DEV Community

Cover image for Interactive or non-interactive visualization in Jupyter (R version)?

Interactive or non-interactive visualization in Jupyter (R version)?

hkmoon profile image HongKee Moon Updated on ・2 min read

OK, it's time to use R kernel in our jupyter notebook. Actually, this can be done easily by following the instructions in
Then, let's check if our R kernel is installed well.


p <- qplot(wt, mpg, data=mtcars, geom=c('point', 'smooth'),
     method='lm', formular=y~x, color=cyl,
     main='Regression of MPG on Weight',
     xlab='Weight', ylab='Miles per Gallon')


You probably see the cover picture after running the R cell which is a non-interactive chart, named ggplot2.

Non-interactive: ggplot2 (

ggplot2 is widely used for data scientists because it is fast, simple, customizable and scalable, which is a part of tidyverse. Tidyverse is an ecosystem of packages designed with common APIs and a shared philosophy for data science. You can check

When you want to make any plots from ggplot2 interactive, you can use ggplotly() function provided by plotly.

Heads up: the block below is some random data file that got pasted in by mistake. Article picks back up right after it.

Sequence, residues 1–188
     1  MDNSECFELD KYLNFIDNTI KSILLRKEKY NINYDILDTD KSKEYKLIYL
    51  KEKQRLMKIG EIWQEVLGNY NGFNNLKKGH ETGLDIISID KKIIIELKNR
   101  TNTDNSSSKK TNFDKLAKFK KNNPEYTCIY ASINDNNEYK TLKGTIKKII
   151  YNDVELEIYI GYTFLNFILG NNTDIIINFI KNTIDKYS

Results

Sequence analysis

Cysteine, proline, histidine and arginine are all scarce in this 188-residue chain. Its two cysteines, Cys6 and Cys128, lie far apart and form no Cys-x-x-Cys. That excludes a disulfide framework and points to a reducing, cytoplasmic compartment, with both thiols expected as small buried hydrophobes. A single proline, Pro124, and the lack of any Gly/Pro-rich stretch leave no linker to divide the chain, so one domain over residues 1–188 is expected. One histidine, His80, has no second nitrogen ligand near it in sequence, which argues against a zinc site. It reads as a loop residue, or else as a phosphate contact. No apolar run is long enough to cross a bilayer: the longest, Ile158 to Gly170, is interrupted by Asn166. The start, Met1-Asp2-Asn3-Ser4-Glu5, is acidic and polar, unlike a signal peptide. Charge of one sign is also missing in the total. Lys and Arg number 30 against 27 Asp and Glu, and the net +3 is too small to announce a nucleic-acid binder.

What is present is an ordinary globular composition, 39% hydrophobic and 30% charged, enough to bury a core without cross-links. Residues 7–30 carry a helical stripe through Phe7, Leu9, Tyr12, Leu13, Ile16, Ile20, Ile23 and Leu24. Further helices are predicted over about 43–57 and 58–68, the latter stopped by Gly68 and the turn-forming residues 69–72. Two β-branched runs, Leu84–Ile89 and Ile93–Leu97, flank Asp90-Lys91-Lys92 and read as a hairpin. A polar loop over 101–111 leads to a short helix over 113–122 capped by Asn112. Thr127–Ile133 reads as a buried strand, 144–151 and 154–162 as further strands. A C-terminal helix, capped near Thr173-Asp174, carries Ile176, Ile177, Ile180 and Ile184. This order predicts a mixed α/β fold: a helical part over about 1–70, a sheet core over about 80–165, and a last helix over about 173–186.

embed_notebook(ggplotly(p), height="500")

Do not forget to call embed_notebook() function. The above script changes the non-interactive chart to an interactive one.

Interactive: plotly (

Plotly provides two different methods for scatter plot. One is based on svg and the other is based on webgl. We can convert our svg chart to webgl with toWebGL() function at anytime. Please, refer

# install.packages("babynames", repos="")

nms <- filter(babynames, name %in% c("Sam", "Jamie"))
p <- ggplot(nms) + 
  geom_line(aes(year, prop, color = sex, linetype = name))

embed_notebook(ggplotly(p, dynamicTicks = TRUE) %>%
  rangeslider() %>%
  layout(hovermode = "x"))

The above code produces the time series how frequently "Sam" and "Jamie" are used as names for male and female.

Alt Text

The gist included in this article shows several cells how to customize plotly chart and how to highlight the data cross linked with sub plots.

Finally, the code below shows a heatmap with dendrogram thanks to heatmaply.


mtscaled <- as.matrix(scale(mtcars))
heatmaply(mtscaled, k_row = 3, k_col = 2) %>% embed_notebook(height="800")

Alt Text

Happy coding!

Discussion (0)

Editor guide